Nutrition Composition of Sacha Inchi (Plukenetia Volubilis L.)

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International Journal of Research and Scientific Innovation (IJRSI) | Volume VII, Issue IX, September 2020 | ISSN 2321–2705

Nutrition Composition of Sacha Inchi (Plukenetia Volubilis L.)

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Gomathy Sethuraman1, Nur Marahaini Mohd Nizar2, Fatin Nadia Muhamad3, Peter J. Gregory4, Ebrahim Jahanshiri5, Sayed Azam-Ali6
1,2,3,4,5,6Crops For the Future Research Centre (CFFRC), Jalan Broga, 43500 Semenyih, Selangor, Malaysia
4School of Agriculture, Policy & Development, University of Reading, Earley Gate, Reading, RG6 6AR, UK

Abstract – We investigated the macronutrient, selected mineral and fatty acid composition of Sacha inchi (SI) (Plukenetia volubilis L.) seeds harvested from the grounds of Crops for the Future, Malaysia. Macronutrient analysis was carried out on both fresh and roasted (160°C for 6 mins) SI seeds. Both fresh and roasted seeds were rich in crude fat (56.2%, 49.8%) and crude protein (23.8%, 25.0%) respectively. Fatty acid and some selected minerals analyses were carried out for the roasted SI seeds. Fatty acid analysis showed that the 18.6% of saturated fat was mainly made up of palmitic (4.64%) and stearic (12.9%) acids. The polyunsaturated fat amounted to 81.3% and was contributed mainly by linolenic (35.9%) and linoleic (44.8%) acids. The main minerals found were potassium (5179 mg/kg), phosphorus (3868 mg/kg), magnesium (3439 mg/kg) and calcium (1142 mg/kg). Comparison with other crops highlights SI’s potential as a plant source of omega -3 and omega-6 fatty acids, its macronutrient and mineral contents.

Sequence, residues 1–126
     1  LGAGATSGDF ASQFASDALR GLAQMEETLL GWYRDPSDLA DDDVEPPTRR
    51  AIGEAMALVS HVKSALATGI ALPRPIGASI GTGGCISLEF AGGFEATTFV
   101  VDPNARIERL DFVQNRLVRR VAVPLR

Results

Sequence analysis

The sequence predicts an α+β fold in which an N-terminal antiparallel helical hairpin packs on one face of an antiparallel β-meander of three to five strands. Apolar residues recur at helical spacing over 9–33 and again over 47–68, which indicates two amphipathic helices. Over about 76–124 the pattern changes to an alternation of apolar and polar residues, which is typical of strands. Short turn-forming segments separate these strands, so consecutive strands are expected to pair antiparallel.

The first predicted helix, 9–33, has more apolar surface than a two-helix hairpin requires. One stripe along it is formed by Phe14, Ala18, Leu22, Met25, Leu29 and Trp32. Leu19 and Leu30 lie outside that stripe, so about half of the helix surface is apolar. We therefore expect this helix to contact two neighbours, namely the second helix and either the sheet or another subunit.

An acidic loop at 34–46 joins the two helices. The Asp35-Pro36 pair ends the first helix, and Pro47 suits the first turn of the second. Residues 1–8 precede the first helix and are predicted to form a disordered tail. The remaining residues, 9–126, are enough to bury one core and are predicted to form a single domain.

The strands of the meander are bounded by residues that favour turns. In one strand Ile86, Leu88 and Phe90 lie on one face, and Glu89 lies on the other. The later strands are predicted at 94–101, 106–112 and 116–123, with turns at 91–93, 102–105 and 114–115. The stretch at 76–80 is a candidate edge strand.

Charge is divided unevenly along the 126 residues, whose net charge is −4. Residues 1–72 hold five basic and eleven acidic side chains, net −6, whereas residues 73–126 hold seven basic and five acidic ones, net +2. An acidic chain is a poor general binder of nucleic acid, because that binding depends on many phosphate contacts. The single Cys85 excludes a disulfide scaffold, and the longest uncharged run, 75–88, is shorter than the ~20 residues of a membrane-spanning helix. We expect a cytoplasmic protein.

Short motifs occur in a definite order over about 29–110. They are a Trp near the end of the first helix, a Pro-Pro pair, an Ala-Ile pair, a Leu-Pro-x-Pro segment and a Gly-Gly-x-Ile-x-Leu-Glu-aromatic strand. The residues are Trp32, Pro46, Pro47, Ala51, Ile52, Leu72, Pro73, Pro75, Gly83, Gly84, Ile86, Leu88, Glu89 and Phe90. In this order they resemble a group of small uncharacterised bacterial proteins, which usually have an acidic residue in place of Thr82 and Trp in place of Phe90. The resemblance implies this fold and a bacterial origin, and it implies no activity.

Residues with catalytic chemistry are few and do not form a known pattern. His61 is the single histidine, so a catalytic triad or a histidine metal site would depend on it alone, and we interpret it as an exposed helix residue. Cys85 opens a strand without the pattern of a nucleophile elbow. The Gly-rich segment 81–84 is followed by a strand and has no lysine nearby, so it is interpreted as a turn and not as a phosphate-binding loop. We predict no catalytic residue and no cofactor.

Key words: Sacha inchi, Nutritional profile, Underutilised crop, Proximate composition, Fatty acids, Mineral, Plukenetia volubilis


There are approximately 30,000 known plant species documented for human use of which 7000 plant species have been identified as food sources with less than 20 species providing most of the world’s food and only three crops (rice, wheat and maize) accounting for ca. 60% of the calories consumed [1]. A diverse diet of plants and plant products such as fruits, vegetables and nuts are regarded as beneficial to human health [2]. Many currently underutilised crops or orphan crops have the potential to improve the nutritional quality of diets [3],[4]. These underutilised crops can also provide valuable traits for the purpose of improving agricultural diversity, climate change mitigation, land degradation and reducing external inputs that contribute to the carbon footprint of agriculture [1],[4],[5].